Concurrent Session #6: The Distinctive Roles of Mothers and Fathers in Families
Dr. Candi Finch (Chair)
Jenet Jacob Erickson, Ruel Haymond, Warwich Marsh, Miriam Grossman MD
This segment was EXTREMELY full to overflowing! There were easily 4 times more people standing than there were seated in the chairs. It definitely was a standing room only ordeal. I will give you an overview of what the bulk of the speakers discussed then, bullet points of some specifics.
It appeared to me that the speakers spent more of their time regarding the importance of fathers in the marriage, home, or equation, than all about the mothers role. This was the case with the two male speakers for sure and Jenet spent a good amount of time with both genders. Dr. Grossman did speak primarily about the uniqueness of motherhood and the science behind it.
Opening ceremonies for the World Congress of Families at the stunning Grand America Hotel began with pageantry as a procession of young adults from countries around the world entered, carrying flags from their native lands. A crowd of 3,000 gathered to listen to the some of the best and brightest pro-traditional family scholars, educators, psychologists, statisticians, researchers, politicians, religious leaders, Hollywood film producers, and United Nations policy advocates in the world. The Mormon Women Stand team is here this week to report on the events of this historic congress, and we wanted to share this powerful information with our nearly 40,000 followers in hopes that you, too, can join in standing for life and the traditional family.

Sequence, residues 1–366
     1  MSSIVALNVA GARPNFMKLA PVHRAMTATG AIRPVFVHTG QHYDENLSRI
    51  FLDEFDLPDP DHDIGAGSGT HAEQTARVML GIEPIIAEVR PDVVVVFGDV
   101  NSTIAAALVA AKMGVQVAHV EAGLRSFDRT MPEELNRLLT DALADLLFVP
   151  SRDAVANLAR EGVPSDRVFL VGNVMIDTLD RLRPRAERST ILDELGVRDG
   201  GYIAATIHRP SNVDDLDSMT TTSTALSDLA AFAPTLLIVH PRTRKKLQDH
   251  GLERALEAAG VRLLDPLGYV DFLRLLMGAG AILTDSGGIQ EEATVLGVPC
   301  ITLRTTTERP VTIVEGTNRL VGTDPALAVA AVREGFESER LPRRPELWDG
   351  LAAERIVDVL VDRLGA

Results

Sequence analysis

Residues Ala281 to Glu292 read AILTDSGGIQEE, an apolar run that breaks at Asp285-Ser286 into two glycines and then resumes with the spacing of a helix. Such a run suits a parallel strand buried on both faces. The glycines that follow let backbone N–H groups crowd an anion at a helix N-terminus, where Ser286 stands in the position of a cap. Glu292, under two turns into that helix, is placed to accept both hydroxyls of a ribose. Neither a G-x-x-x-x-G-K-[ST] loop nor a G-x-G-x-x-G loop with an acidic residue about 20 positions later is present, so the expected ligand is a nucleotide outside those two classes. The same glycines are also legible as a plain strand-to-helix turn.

Reporting from Mormon Women Stand: Jan Tolman, Bethany Packard, Angela Fallentine and Gina Holt.
Elder M Russell Ballard offered a bold keynote address to the World Congress of Families as he welcomed delegates from around the globe and reminded them that, “marriage between a man and woman is ordained of God and … the family is central to the Creator’s plan for the eternal destiny of His children.”
The full text of Elder Ballard’s remarks follows:
Eternal Families and Love for One Another
World Congress of Families
Elder M. Russell Ballard
We thank you for the honor of selecting Utah to host the first World Congress of Families in the United States. I extend an official welcome from the leaders of The Church of Jesus Christ of Latter-day Saints, especially Elder Dallin H. Oaks who has supported your work for many years. Our church is also known as the LDS or Mormon Church, and its international headquarters is in Salt Lake City. We hope you enjoy your stay with us.
You may have already seen the Salt Lake Temple. If not, I encourage you to visit Temple Square.
Temples are very important to Latter-day Saints, because in them couples are married for “time and eternity,” not just “till death do you part.” As the Church proclaimed twenty years ago in The Family: A Proclamation to the World, “marriage between a man and a woman is ordained of God and … the family is central to the Creator’s plan for the eternal destiny of His children.”
This doctrine explains our strong position on the family. We also believe we are to reach out to all people with understanding, love, and compassion. The focus of my remarks will be:
First, I will explain the doctrinal reasons that traditional families play such an important role in our church. Second, I will explain the relationship between religious sensitivities surrounding the family and religious freedom. Finally, I will suggest some guiding principles on reaching out to those around us, despite any misunderstandings or disagreements. Continue reading →